Page:Popular Science Monthly Volume 47.djvu/585

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louder the cough, the keener appears to be the enjoyment of the smoker and his companions. The pipe is passed round, until the whole of the smokers are engaged in violent contortions, accompanied by an almost terrifying coughing."

Aboriginal Art in Copper.—Very interesting specimens of objects made of wood and covered with copper have been found among the relics of the American aborigines. Several have been described by Prof. F. W. Putnam and by Warren K. Moorehead, both of whom have found them in Ohio. Other objects have been found of copper sheathed with silver, gold, or meteoric iron. It is shown clearly that the American aborigines in the Mississippi Valley and in South America had the art of cold-hammering copper, of beating it so as to overlie and fit upon a warped or curved surface, and of turning the edges under. Yet more elaborate work is exhibited in two specimens sent to the National Museum by Lieutenant G. T. Emmons, United States Navy, of figures of hummingbirds in wood, well carved and painted red, each wing and tail of which is overlaid with a covering of sheet copper, pressed down to fit and turned under at the margins so as to be held fast. The surfaces are adorned with the conventional wing and eye signs of the Haidas. Especial attention is invited by Mr. Otis T. Mason to the carving on the copper. The furrows and ridges are all cut with steel tools. The work is regarded by Mr. Mason as "above and beyond the ability of the aboriginal metallurgists of the Mississippi Valley."

Korean Hats.—The hats of the Koreans are described by Mr. H. S. Saunderson as shaped somewhat like inverted flower-pots, with broad, straight brims, measuring nearly two feet across; while the crowns are about six inches high and three inches in diameter at the top. "The shape is undoubtedly due to the way the hair is dressed. These hats are made of horsehair or very finely split bamboo, beautifully plaited, and are varnished, as a protection against the weather. They are invariably stained black, except for half mourning, when they are string-color (that is, of natural hemp). They are usually fitted with bands which are tied under the chin, but in the case of high officials these bands are replaced by a long string of beads joined at each end to the hat. This hat does not fit upon the head itself, but rests upon a tightly fitting skullcap, held in place by strings tied round the head. The natives are very careful of their hats, for they are expensive, and when it rains they always protect them with little coverings of the oiled paper for which the country is famous, and of which they make their waterproof coats, tobacco pouches, and fans. The officials, when on court duty, wear even more extraordinary hats than these, but their shapes are so fantastic that it is perfectly impossible to describe them. In the winter, fur and wadded head-dresses are worn under the hats. . . . The official servants wear hats made of black or brown camel's-hair felt with small round crowns and large flat brims; while those worn by the soldiers are much the same in shape as the gentry's, but are made of black felt, have much smaller brims, and are bound with red." The most curious hats are those of the mourners, shaped like enormous toadstools, and so large as to hide the face. They are made of plaited bamboo strips, and are not colored. The women wear nothing on their heads, except in winter, when they put on curiously shaped fur caps, open at the crown and adorned in front and behind with red silk tassels.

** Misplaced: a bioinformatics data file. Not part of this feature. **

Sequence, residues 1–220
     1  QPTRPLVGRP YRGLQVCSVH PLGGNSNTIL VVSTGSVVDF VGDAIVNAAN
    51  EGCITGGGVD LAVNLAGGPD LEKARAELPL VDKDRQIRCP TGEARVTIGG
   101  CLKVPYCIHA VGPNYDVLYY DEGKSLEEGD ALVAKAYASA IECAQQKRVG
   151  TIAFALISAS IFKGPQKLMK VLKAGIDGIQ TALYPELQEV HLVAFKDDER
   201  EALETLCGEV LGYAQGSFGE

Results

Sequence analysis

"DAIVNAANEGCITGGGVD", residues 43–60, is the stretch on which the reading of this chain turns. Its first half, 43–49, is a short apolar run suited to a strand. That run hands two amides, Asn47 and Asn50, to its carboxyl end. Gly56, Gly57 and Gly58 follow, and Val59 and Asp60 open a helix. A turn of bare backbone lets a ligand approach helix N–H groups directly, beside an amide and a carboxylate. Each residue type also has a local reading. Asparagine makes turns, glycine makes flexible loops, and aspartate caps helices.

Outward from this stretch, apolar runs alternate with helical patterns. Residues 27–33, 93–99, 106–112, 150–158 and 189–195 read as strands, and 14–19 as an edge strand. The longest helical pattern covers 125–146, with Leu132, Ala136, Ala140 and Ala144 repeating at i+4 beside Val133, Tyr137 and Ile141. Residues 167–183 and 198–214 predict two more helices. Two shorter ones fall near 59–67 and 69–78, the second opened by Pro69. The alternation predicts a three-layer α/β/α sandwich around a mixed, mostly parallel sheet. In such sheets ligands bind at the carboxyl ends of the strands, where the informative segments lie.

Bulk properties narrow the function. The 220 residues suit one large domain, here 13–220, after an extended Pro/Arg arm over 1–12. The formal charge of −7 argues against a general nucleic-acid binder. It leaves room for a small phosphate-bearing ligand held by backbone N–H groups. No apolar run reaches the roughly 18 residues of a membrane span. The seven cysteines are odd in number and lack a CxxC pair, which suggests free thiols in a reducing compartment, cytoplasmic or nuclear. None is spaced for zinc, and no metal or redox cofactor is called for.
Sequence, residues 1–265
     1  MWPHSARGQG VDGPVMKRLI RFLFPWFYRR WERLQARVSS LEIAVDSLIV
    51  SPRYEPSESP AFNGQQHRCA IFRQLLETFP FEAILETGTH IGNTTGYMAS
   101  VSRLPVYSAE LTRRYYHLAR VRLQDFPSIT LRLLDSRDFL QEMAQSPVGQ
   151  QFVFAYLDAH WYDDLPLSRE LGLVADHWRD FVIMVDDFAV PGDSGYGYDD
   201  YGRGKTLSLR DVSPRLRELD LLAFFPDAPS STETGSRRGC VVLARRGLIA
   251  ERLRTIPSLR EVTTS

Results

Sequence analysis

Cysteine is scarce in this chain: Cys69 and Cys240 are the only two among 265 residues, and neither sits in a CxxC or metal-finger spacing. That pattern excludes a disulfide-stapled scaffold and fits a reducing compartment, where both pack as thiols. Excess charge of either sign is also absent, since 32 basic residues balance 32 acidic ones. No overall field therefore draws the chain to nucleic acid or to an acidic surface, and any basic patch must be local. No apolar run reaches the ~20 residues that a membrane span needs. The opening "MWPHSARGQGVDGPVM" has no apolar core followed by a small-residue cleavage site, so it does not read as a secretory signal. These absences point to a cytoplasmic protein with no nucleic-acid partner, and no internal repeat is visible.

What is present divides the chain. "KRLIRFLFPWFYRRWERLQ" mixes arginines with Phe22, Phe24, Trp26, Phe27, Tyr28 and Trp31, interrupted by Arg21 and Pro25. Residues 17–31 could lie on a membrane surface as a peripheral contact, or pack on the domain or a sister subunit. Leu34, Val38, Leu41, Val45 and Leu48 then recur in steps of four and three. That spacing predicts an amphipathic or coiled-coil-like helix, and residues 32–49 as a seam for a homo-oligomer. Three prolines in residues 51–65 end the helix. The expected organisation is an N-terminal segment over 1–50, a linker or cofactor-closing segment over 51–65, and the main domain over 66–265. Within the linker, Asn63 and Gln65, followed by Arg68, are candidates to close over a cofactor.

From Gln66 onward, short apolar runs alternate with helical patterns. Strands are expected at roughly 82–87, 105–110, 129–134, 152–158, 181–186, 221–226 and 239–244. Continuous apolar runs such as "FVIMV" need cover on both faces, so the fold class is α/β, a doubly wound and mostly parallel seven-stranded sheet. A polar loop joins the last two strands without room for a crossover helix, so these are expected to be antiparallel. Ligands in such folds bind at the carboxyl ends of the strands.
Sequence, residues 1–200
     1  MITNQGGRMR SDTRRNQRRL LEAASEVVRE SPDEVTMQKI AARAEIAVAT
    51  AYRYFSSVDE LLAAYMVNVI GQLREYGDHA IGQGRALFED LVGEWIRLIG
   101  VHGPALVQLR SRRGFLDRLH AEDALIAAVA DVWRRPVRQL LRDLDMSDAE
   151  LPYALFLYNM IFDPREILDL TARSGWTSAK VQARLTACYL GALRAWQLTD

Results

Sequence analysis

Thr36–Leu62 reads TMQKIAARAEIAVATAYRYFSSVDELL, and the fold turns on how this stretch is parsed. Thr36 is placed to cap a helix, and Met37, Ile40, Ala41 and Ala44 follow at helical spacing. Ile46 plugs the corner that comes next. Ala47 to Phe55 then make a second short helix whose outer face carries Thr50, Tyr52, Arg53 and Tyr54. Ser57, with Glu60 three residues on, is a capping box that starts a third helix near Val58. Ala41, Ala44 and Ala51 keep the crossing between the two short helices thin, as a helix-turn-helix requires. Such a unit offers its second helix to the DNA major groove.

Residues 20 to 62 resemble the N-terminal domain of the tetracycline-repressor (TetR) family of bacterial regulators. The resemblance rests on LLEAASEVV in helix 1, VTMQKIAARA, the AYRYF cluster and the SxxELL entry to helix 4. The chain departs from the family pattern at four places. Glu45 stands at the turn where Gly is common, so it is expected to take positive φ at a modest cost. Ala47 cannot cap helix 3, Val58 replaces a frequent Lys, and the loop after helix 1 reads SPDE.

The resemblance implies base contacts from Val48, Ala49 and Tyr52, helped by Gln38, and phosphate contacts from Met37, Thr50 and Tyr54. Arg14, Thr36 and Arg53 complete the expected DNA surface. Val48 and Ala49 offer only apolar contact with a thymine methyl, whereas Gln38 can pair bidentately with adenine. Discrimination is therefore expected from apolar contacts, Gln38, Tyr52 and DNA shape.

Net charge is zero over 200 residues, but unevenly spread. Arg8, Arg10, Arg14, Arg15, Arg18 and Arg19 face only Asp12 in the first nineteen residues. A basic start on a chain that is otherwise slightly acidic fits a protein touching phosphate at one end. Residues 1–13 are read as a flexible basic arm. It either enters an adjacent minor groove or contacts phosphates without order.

Uses of Wire.—Wire is shown in Mr. J. Bucknall Smith's book on its manufacture and its uses, to be employed for a great variety of purposes, and these having a very extended range. It is used for the delicate hair springs of watches, and in the form of large cables supports suspension bridges. It is also used in the manufacture of pins, needles, and fishhooks; it has been applied in coils to the construction of heavy ordnance, and it forms the periphery of a huge fly wheel recently constructed in Germany. Wire ropes are valuable in supplying the means of haulage in mines; by their help materials are transported in the air over a rough country; they are used for the traction of tram cars, and of barges along canals; and, being stronger, lighter, more durable, and cheaper, they advantageously replace hempen ropes for towing, moving, hoisting, and other purposes. Filigree work is formed of fine silver and